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Clip: Eleventh Dream Day

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  • Carl Z.
    Eleventh Dream Day turns `Zeroes and Ones up to
    Message 1 of 2 , May 13, 2006
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      Eleventh Dream Day turns `Zeroes and Ones' up to 11

      Andy Downing
      Published May 12, 2006

      The idea of "ones and zeroes" is something that author Thomas Pynchon
      explored on more than one occasion, writing in "Vineland": "If
      everything about an individual could be represented in a computer
      record by a long string of ones and zeroes, then what kind of creature
      could be represented by a long string of lives and deaths?"

      That concept began to fascinate Rick Rizzo after the Eleventh Dream
      Day frontman enrolled in a class to tackle Pynchon's dense masterwork,
      "Gravity's Rainbow." Ironically, the classroom setting didn't agree
      with the Chicago public school teacher, who dropped out of the
      discussion group after only two meetings and finished reading the book
      on his own.

      "It actually inspired a lot of [the album], especially the title,"
      "Zeroes and Ones" (Thrill Jockey), says Rizzo. "The characters are
      unsure of what's real and are kind of caught between hanging on to
      something concrete and losing it completely."

      Or as Rizzo sings on "Dissolution," "I've come undone between zeroes
      and ones/ The focus has lost its appeal."

      Even with its high-concept, academic roots (another song, "Pinwheels,"
      was inspired by a William Eggleston photograph) the band's 10th album
      is, at its core, a freewheeling rock recording. Invigorated by the
      2003 reissue of "Prairie School Freakout" and the subsequent one-off
      reunion show with original guitarist Baird Figi (who now makes his
      home in New Mexico), Rizzo set out to write a song a day, and while he
      didn't quite stick to his plan, the process yielded seven new
      tunes--five of which made the record.

      Convening at Chicago's North Branch Studio, the group--Rizzo, Janet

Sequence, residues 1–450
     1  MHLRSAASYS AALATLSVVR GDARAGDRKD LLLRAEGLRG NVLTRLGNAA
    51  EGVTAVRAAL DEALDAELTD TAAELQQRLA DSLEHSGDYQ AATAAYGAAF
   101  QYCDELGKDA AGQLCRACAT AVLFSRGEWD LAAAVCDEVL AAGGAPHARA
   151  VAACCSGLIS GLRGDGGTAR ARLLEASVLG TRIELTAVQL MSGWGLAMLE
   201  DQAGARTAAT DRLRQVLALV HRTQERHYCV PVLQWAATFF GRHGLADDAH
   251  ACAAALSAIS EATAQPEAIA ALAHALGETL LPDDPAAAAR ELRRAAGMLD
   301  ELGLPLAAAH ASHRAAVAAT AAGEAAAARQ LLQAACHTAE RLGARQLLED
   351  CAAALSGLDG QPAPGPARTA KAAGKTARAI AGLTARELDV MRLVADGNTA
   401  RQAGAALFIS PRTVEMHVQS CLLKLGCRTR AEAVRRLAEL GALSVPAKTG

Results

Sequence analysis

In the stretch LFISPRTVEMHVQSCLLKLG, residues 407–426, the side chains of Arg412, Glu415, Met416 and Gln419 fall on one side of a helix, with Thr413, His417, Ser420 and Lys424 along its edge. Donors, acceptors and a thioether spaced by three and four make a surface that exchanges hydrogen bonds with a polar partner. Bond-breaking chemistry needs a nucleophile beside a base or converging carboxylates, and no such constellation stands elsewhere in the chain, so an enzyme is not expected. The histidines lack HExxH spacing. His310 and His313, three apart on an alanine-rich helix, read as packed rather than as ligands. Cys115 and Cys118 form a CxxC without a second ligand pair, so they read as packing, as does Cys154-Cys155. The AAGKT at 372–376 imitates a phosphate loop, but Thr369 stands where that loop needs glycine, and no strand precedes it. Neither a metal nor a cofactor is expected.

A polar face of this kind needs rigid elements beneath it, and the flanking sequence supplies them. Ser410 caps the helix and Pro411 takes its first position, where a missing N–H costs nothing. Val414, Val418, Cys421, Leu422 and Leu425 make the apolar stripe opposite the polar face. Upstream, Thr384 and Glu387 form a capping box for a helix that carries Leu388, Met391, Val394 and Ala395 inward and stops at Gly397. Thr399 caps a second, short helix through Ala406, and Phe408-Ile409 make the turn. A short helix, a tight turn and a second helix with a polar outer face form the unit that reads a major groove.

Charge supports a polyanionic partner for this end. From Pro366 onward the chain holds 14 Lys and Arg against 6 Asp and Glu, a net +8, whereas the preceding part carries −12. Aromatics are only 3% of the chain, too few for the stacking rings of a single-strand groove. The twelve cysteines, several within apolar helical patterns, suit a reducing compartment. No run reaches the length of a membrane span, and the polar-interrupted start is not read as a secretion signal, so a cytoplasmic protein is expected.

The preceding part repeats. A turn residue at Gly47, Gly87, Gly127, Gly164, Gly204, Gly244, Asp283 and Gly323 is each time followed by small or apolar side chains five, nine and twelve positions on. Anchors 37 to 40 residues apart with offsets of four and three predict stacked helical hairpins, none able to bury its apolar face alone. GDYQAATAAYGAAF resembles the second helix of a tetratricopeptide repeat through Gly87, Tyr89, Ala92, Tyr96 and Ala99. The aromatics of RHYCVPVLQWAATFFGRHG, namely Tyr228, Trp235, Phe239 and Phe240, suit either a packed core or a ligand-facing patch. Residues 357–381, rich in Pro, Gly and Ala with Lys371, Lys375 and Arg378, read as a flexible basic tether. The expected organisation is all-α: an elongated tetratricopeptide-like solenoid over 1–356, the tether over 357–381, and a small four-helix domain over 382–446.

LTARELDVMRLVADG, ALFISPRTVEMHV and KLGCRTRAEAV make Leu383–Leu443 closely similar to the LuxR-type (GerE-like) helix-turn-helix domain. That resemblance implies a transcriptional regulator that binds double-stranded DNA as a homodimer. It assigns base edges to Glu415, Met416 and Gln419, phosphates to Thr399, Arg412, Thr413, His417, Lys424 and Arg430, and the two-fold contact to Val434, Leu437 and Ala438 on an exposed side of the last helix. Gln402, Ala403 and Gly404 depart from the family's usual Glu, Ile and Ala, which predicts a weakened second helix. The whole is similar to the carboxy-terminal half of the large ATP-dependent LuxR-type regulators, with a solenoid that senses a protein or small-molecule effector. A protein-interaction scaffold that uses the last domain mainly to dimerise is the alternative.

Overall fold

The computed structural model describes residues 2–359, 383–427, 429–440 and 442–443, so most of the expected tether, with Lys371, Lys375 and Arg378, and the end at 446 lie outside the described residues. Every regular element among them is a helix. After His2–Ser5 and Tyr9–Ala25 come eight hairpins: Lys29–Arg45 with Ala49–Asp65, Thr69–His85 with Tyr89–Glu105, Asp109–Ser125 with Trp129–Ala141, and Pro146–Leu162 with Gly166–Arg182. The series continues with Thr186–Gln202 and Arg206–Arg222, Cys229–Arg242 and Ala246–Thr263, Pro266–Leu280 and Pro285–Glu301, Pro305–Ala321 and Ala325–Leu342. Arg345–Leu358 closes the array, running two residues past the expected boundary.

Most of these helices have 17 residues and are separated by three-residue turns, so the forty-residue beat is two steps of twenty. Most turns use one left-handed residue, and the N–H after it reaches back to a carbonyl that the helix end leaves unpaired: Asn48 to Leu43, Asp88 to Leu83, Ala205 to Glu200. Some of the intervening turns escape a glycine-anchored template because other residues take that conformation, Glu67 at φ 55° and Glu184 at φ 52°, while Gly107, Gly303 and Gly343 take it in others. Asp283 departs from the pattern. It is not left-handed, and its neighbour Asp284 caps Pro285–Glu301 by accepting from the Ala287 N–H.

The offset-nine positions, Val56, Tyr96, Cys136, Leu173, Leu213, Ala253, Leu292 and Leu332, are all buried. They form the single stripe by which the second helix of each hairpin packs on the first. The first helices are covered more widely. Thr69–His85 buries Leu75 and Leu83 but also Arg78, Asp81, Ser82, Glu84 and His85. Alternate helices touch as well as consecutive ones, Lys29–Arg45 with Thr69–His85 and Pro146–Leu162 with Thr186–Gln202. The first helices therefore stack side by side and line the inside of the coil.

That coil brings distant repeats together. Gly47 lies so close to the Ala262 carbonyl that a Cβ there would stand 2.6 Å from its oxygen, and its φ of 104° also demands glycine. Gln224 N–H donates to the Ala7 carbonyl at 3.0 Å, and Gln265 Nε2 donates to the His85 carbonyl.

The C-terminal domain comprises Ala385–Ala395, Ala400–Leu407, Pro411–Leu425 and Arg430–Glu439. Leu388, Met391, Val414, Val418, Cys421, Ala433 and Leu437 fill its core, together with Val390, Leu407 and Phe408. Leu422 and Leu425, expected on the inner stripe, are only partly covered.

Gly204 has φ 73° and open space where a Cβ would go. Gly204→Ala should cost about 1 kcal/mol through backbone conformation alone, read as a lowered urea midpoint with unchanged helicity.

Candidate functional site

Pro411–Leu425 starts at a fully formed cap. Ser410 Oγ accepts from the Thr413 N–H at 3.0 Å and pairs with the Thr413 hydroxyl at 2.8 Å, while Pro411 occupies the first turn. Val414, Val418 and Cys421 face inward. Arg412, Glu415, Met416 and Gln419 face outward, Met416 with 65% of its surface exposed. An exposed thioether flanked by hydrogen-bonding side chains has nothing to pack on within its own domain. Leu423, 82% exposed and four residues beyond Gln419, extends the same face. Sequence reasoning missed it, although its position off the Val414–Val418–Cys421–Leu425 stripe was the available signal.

Bean (drums), Doug McCombs and Mark Greenberg (keyboards)--blasted
      through basic tracks in three days. Many of Rizzo's vocals and all of
      his guitar solos (reminiscent of Neil Young in Crazy Horse) were
      caught in a single take.

      The band's chemistry, developed over its 20-plus years together, is
      apparent throughout. Bean, whose sweet vocals provide a counterpoint
      to Rizzo's bratty delivery, pounds her kit with the ferocity of a rail
      worker driving steel spikes into solid earth. McCombs' bass lines,
      which often play counterpoint to Rizzo's guitar, snake through the mix
      instead of simply setting the groove. Most startling after all this
      time is how raw and passionate the music sounds, as if the group were
      readying its make-or-break debut.

      "This album was the loudest thing I've ever recorded," says engineer
      Barry Phipps. "Even behind walls in the control room I was reading 97
      decibels." (By comparison, sitting front row at a rock concert
      registers 120 decibels, a borderline dangerous sound pressure.) It
      sounds like everything is right on the edge of breaking apart."

      Phipps says the band pushed itself so hard during the sessions that
      there were times he wasn't sure if they had the energy for a second
      take. That live intensity carried over to Rizzo's acrobatic guitar
      solos, where the studio was emptied and everyone watched from the
      control room as the guitarist performed what Phipps calls "a ballet
      act with the amp, [Rizzo] moving in and out to pick up on these
      invisible force fields of feedback."

      This same "ballet act" is what fans can expect to witness at the Empty
      Bottle. Like guitar-driven albums by Young or Television, "Zeroes and
      Ones" almost sounds designed for the stage, where the band can stretch
      its legs and let the songs bend in new and unexpected directions.

      "That's the best part," says Rizzo, of performing live. "When you know
      where things are going that's when it gets boring. I want to provide
      thrills for myself. I still just love playing."

      Eleventh Dream Day, 9 p.m. Thursday, Empty Bottle, 1035 N. Western
      Ave. $12; 773-276-3600
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